How to Find Careers Information

by Waller Jamison

Finding out exactly what a particular career or job involves, the qualifications and training needed to get started and the long-term prospects and opportunities for promotion are all important considerations when it comes to making a careers decision.

If you haven't had much careers advice at school and even if you've had more than average, it's unlikely that you have much idea about what is available. That's because there are thousands of potential career choices and these are growing as industries develop and new ones are set up.

No one could possibly keep up and so if you want to find the career most suited to your abilities and interests, you must be prepared to do some work.

Make a list of things you enjoy doing, the skills you already have and those you would like to learn. Write an imaginary job description which lists everything you'd like to have in a job.

It doesn't need to be completely realistic, it's just a starting point.Next do a series of searches on Google, based on the information on your list, for example, look for jobs using music, languages or maths.

Or search for jobs involving writing, using computers, or in the theatre or new media. Other general terms you could use are jobs involving travel, working with people or working with animals, jobs helping the environment, adventure jobs, jobs helping people.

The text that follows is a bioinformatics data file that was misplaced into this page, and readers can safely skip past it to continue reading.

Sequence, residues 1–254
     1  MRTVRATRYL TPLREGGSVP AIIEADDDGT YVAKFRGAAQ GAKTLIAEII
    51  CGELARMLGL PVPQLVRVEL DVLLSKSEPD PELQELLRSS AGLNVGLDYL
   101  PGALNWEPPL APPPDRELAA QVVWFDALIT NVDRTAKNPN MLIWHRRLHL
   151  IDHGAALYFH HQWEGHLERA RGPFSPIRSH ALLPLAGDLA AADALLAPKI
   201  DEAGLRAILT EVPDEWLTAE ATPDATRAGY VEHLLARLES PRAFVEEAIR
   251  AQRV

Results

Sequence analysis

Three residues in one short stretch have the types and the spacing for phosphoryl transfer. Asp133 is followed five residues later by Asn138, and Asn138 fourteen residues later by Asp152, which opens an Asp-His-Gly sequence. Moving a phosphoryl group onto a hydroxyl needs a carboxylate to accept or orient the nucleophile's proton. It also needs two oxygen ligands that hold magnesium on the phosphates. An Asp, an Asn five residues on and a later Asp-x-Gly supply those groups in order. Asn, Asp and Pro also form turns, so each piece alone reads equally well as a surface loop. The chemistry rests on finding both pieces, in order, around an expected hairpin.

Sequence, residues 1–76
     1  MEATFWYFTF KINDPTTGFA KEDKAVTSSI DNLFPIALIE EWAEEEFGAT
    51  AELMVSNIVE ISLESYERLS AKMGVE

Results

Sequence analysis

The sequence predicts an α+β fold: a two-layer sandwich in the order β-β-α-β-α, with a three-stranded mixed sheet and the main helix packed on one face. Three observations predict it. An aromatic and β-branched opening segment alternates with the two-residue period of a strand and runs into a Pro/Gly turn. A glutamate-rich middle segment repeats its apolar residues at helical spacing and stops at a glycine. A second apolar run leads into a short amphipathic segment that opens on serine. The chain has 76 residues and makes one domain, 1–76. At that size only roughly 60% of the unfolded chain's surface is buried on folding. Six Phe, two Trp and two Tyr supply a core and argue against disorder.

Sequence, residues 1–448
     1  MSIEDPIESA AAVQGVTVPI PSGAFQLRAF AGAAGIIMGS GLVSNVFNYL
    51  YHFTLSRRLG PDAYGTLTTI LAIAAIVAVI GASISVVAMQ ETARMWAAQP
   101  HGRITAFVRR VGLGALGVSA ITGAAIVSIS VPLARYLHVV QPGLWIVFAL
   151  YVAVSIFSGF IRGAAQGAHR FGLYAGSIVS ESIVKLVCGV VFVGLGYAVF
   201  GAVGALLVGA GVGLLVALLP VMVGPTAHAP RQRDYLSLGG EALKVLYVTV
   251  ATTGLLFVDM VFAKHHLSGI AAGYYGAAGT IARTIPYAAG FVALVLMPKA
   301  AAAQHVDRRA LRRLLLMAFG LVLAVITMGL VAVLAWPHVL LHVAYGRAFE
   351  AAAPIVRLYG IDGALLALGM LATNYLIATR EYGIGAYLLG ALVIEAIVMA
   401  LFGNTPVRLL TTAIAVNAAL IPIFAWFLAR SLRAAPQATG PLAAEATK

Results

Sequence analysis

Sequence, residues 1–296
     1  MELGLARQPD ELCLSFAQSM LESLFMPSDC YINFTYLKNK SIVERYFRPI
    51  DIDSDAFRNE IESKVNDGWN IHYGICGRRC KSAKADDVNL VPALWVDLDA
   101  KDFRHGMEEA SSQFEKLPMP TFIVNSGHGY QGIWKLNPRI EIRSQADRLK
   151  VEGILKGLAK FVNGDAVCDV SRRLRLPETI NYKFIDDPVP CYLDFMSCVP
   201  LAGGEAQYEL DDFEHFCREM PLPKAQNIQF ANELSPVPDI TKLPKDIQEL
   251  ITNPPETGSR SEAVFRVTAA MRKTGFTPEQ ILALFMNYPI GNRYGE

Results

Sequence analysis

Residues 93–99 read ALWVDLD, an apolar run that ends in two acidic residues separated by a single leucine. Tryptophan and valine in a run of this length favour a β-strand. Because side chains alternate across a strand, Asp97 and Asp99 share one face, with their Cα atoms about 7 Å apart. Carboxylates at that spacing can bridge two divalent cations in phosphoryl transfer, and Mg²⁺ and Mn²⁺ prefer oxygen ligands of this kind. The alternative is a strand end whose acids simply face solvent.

And so on - simply substitute your own preferences. The aim is to come up with a list of job titles which appeal to you. As you search you may find some interesting material, new jobs you'd never thought.

And you might find that you have been put off jobs you'd previously thought would be fun. Once you've made your list you need to prioritize your ideas and then find out what it takes to get into the careers you've chosen to look at more closely.

 I've made a list of websites for the main English speaking parts of the world. If you live somewhere else, just do a search on the name of the country and the word careers, as in "Australia careers" and you should come up with main websites. Don't use the word jobs at this stage, as this will tend to bring up actual job vacancies, rather than information about careers.

Once you have the big picture, you can search for jobs to give you a clearer picture of what individual employers are looking for. The sites listed below give information on pretty much any career you can think of.

Most of them provide details of the job, qualifications, skills and personal qualities needed and prospects. In fact, just about everything you need to know about getting into a specific career, whether you are just leaving education or contemplating a career change.

Careers in the UK

http://www.direct.gov.uk/en/YoungPeople/index.htm

This will take you to the A-Z index, where you can look up any career you are interested in.

Careers A-Z

http://www.careersa-z.co.uk

Careers in the US

http://www.acinet.org/acinet

Careers One Stop


Occupational Handbook

http://www.bls.gov/oco/

 Careers In Canada

http://www.workingincanada.gc.ca/content_pieces-eng.do?lang=eng&cid=1

Careers in Australia

http://www.careersonline.com.au

Careersonline

Careers in New Zealand

CareerServices

 http://www.careers.govt.nz